Jacqueline Zanfagna Featured on 129 A Day

jackieJackie Zanfagna’s struggles became evident before her 10th birthday. Some called her a “difficult teen” but her mother, Anne Marie, and her father, Jim, knew that Jackie was struggling with a medical condition and desperately needed treatment. Her parents sought help from countless doctors to no avail. Jackie had bipolar tendencies. When she was at her best, she was a bright, engaged girl who loved animals, fashion, and cared fiercely for her niece and nephew. When she was at her worst, her self-esteem plummeted and she was prone to fits of rage. Her parents were left to patch the walls where her fist had bust the plaster.

Jackie’s suffering went undiagnosed. Anne Marie, who suffered from rheumatoid arthritis, began noticing that her pain medication was missing and eventually valuables started disappearing too. When the Zanfagna’s realized that they couldn’t trust their daughter or her friends, they changed their locks, installed an alarm system, and got a guard dog.

Jackie survived one overdose but was so deeply ashamed that she pushed away the people who cared about her the most. Somehow, in the midst of what seemed a plummeting spiral, Jackie found some solid ground at the age of 25.

After years of thwarted endeavors such as cosmetology school, community college and a modeling agency, Jackie landed a good job at Staples. She had a new car, a new boyfriend and her relationship with her family was suddenly on the mend. It seemed like the nightmare of the previous years might have finally lifted.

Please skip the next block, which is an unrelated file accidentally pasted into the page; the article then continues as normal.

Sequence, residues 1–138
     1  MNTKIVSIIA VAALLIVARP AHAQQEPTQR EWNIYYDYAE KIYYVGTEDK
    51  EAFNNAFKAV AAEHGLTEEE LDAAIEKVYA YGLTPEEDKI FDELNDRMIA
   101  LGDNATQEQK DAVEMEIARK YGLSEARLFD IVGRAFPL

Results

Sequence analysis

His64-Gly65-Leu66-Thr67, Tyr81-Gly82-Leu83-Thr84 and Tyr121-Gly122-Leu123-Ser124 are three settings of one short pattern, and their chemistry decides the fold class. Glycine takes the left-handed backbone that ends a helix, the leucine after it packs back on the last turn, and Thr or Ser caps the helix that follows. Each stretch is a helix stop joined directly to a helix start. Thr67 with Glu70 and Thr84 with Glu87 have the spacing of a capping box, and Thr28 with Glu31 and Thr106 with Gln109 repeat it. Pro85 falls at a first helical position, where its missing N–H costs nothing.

When Jackie died of a heroin overdose on Oct. 18, 2014, her family was devastated.

Angels of Addictions was conceived by Anne Marie Farley Zanfagna a year after the death of her youngest daughter. At the time of Jackie’s death, her parents decided to be open about her cause of death in hopes of raising awareness about heroin addiction.

Anne Marie is an artist who works with oil paints, but when Jackie died, she found that she could not paint. When she finally began to work again a year later, she painted a vibrant, joyful portrait of Jackie that took her months to complete. The time she spent working on the painting felt like time spent with her daughter. When the portrait was finished, Anne Marie brought it to the heroin addiction support group that she and her husband attend in Plaistow, NH. Everyone at the meeting loved the piece and she offered to paint a portrait for another family who also lost their daughter to heroin.

Soon after the initial reveal, painting these portraits became Anne Marie’s new mission in life: “I want to put a face to the number.” Her portraits embody the real, healthy, vibrant person who was lost to addiction—not the person as they were in the throes of their disease. Her paintings are a true testament to the power of art therapy; she pours her heart and soul into every single portrait.

Angels of Addictions is an organization that works to raise awareness about the epidemic proportions of heroin addiction in America. Ultimately, Anne Marie plans to create a traveling exhibition of portraits of people who have been lost to the disease. She hopes to show the exhibit at the State House in New Hampshire and across the nation.

Originally published at 129-A-Day.org.

 

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